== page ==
Massachusetts legislators looking to expand bottle recycling law

Water bottles, juice and sports drinks can be found in many of the same bottles that one can redeem for a deposit fee at the grocery store, but for years these bottles have ended up in trash bins and local landfills. According to the Boston Herald, Massachusetts lawmakers have been trying to expand the state's bottle recycling law to include these containers, but they have encountered fierce criticism from the other side of the aisle that believe that an extra tax is not the right thing for consumers at this juncture.

"The only way it's a tax is if they don't turn in the bottle," state Senator Cynthia Creem (D - Newton) told the news source. "No one expected people to be using bottled water like they have. When you walk through parks and see people throwing water bottles away, my hope is they'll turn them in, get their deposits back and help municipalities increase their recycling."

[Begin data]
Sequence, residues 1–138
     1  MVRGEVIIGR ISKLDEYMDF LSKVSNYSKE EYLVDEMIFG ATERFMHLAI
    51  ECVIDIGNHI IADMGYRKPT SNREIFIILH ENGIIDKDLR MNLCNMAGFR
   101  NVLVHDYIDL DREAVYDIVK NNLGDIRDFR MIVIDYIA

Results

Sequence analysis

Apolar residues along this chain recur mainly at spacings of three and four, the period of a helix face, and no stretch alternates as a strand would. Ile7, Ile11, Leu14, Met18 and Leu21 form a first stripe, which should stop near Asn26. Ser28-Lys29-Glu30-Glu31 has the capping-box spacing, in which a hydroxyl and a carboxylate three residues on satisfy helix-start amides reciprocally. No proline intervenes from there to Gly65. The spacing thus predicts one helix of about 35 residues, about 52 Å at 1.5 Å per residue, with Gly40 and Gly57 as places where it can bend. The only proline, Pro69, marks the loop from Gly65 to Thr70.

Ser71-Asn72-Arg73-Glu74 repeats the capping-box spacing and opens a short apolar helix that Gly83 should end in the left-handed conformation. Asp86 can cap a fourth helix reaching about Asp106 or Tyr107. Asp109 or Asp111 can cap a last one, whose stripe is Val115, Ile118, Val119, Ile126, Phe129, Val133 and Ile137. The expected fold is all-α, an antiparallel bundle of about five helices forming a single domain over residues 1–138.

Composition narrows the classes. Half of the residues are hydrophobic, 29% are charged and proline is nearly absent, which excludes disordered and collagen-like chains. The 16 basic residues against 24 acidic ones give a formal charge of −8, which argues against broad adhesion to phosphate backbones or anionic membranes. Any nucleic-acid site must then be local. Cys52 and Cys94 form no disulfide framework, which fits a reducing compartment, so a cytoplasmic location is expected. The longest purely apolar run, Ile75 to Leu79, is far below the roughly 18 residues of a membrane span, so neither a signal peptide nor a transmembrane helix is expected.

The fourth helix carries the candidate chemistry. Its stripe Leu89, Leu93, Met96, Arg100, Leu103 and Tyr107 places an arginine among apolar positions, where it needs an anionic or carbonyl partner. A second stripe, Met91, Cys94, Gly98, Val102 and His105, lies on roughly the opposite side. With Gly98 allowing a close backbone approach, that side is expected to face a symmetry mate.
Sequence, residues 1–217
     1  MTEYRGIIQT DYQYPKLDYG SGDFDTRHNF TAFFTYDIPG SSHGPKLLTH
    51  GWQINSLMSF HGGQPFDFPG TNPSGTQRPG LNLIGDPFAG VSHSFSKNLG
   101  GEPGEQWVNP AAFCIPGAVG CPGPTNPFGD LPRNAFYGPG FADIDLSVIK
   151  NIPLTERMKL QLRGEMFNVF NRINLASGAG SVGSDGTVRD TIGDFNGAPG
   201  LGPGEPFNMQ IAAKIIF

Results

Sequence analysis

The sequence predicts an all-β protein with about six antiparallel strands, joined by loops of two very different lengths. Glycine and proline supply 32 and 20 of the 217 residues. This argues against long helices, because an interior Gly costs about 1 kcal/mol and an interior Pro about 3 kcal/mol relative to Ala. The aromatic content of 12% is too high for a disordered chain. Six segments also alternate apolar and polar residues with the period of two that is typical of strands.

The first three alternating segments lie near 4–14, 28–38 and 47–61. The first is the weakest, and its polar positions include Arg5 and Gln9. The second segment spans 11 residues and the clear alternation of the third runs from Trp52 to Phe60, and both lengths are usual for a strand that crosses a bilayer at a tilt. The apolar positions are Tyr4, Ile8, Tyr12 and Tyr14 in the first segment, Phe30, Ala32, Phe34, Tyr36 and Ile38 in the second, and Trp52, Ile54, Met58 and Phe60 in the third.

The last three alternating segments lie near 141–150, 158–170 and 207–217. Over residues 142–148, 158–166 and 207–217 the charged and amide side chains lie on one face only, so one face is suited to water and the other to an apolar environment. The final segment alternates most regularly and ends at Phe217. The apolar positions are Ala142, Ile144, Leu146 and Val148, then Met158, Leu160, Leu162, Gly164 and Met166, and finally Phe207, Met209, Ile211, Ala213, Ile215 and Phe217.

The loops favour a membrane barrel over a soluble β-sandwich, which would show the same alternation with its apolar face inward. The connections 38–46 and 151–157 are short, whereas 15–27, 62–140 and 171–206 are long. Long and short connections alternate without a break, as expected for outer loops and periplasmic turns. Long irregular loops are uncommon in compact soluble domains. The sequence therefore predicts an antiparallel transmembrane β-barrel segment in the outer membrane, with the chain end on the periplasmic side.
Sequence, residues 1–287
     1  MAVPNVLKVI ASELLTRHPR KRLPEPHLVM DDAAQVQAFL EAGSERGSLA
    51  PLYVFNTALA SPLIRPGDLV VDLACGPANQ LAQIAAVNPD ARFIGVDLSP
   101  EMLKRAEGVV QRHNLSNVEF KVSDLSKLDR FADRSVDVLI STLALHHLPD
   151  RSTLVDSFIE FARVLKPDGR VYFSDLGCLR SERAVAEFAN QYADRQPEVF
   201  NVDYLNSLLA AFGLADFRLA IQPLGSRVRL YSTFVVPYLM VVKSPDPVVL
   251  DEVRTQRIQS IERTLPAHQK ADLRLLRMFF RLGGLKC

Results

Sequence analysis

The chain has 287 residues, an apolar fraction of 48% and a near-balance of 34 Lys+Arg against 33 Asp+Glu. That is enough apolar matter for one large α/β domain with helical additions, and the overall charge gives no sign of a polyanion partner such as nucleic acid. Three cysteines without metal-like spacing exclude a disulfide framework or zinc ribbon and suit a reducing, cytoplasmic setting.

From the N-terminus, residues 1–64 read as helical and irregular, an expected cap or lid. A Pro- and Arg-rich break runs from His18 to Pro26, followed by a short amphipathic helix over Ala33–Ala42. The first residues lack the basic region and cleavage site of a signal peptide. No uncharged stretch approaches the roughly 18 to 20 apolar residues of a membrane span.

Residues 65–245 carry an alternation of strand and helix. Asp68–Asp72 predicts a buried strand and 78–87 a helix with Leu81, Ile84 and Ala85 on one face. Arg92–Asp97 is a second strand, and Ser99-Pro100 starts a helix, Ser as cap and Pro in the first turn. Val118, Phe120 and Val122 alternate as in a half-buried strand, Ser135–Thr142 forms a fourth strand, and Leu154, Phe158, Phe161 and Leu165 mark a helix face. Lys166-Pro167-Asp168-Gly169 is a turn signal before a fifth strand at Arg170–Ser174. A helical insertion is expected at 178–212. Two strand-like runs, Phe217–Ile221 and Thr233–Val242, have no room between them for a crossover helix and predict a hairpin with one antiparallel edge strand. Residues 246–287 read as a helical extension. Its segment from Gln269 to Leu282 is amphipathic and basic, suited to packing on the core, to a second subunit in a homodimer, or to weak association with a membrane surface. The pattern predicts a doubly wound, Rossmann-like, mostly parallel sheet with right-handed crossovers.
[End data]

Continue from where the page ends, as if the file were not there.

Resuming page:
Opponents of the bill believe that the additional tax will be a burden on Massachusetts residents and businesses, and recycling centers and redemption centers will have to be overhauled to deal with the increased demand. While this may certainly be the case, the amount of water bottles that end up in landfills has reached epidemic proportions, and recycling bins in public places don't seem to be enough to control the amount of waste.

While lawmakers struggle over the logistics of such a bill, public awareness programs and expanded bottle deposits will be pivotal in stemming the tide of waste that is created from used water bottles. By ensuring that all plastic containers don't end up in your trash can, you can do the right thing for the environment and let politicians fight over the logistics.